Today the Oak Ridge Leadership Computing Facility (OLCF) announced a significant step forward in the delivery of Summit, the next-generation supercomputer IBM will deliver in 2017 to greatly advance the nation’s energy and science agenda. Following a formal call for proposals and a review process, ORNL revealed 13 science application readiness projects selected as part of the Center for Accelerated Application Readiness (CAAR) program.
The CAAR program is focused on optimizing application codes for Summit’s hybrid architecture comprised of IBM POWER CPUs, Nvidia GPU accelerators and the NVLink high-speed interconnect technology, which is expected to provide at least five times the performance of the OLCF’s current leadership system, Titan. Leading up to the delivery of Summit, the CAAR application teams, with technical support from the IBM/NVIDIA Center of Excellence at ORNL, will redesign, port and optimize their software to Summit’s architecture, and demonstrate the effectiveness of their application on Summit through a scientific grand-challenge project.
We know that improved software is just as important as improved hardware to supercomputer performance and our facility’s mission,” says Dr. Tjerk Straatsma, ORNL’s Scientific Computing group leader. “CAAR brings together the people who know the science, the people who know the code, and the people who know the machine, so that cutting-edge science can be conducted on Summit.”
In addition to resources at the OLCF, including Titan and early software development systems for Summit, the CAAR teams will have access to computational resources at the Argonne Leadership Computing Facility (ALCF) and the National Energy Research Supercomputing Center (NERSC) to enable architecture and performance portability across different computing architectures.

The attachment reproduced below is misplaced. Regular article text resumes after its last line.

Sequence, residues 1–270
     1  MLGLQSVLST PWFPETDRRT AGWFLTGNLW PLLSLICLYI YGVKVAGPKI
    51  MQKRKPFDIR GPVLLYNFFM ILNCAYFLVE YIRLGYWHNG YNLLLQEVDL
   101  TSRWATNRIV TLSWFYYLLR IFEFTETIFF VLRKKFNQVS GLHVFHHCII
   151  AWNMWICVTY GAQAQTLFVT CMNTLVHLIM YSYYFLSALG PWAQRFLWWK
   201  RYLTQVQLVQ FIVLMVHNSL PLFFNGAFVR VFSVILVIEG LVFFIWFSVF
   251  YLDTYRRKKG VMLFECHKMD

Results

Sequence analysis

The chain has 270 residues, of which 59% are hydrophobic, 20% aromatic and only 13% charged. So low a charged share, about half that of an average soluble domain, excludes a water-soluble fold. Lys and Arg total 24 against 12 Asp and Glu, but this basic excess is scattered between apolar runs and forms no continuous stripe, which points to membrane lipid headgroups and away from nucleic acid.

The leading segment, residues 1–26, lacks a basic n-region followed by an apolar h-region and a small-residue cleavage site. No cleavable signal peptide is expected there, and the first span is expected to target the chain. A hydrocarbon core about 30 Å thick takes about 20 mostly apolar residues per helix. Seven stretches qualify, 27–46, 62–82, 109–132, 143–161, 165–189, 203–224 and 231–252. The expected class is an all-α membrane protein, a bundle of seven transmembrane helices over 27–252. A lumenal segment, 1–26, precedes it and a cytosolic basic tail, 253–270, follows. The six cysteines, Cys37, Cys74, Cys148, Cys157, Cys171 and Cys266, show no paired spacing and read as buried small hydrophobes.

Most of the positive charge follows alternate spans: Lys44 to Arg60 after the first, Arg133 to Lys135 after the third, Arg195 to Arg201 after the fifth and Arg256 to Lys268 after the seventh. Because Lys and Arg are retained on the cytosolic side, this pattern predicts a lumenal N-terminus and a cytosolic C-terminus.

These projects were chosen based on a computational and scientific review conducted by the OLCF in consultation with the ALCF, NERSC, IBM and NVIDIA. The application teams represent a broad range of computational algorithms and programming approaches in a diverse range of scientific disciplines including astrophysics, biophysics, chemistry, climate modeling, combustion engineering, materials science, nuclear physics, plasma physics and seismology.
We had a tremendous response to our call for proposals, receiving a large number of strong entries,” Straatsma said. “The diversity of the selected applications gives us the opportunity to develop highly scalable, highly efficient applications for Summit that many of our users can take advantage of when the machine comes into production.”
The modeling and simulation applications selected for the CAAR program and their principal investigators include:
- Climate simulation code ACME, Dr. David Bader, Lawrence Livermore National Laboratory
- Relativistic chemistry code DIRAC, Prof. Lucas Visscher, Free University of Amsterdam
- Astrophysics simulation code FLASH, Dr. Bronson Messer, Oak Ridge National Laboratory
- Plasma physics code GTC, Dr. Zhihong Lin, University of California-Irvine
- Cosmology simulation code HACC, Dr. Salman Habib, Argonne National Laboratory
- Electronic structure application LS-DALTON, Prof. Poul Jørgenson, Aarhus University
- Biophysics simulation code NAMD, Prof. Klaus Schulten, University of Illinois at Urbana-Champaign
- Nuclear physics application NUCCOR, Dr. Gaute Hagen, Oak Ridge National Laboratory
- Computational chemistry code NWCHEM, Dr. Karol Kowalski, Pacific Northwest National Laboratory
- Materials science application QMCPACK, Dr. Paul Kent, Oak Ridge National Laboratory
- Combustion engineering code RAPTOR, Dr. Joseph Oefelein, Sandia National Laboratories
- Seismology application SPECFEM, Prof. Jeroen Tromp, Princeton University
- Plasma physics code XGC, Dr. C.S. Chang, Princeton Plasma Physics Laboratory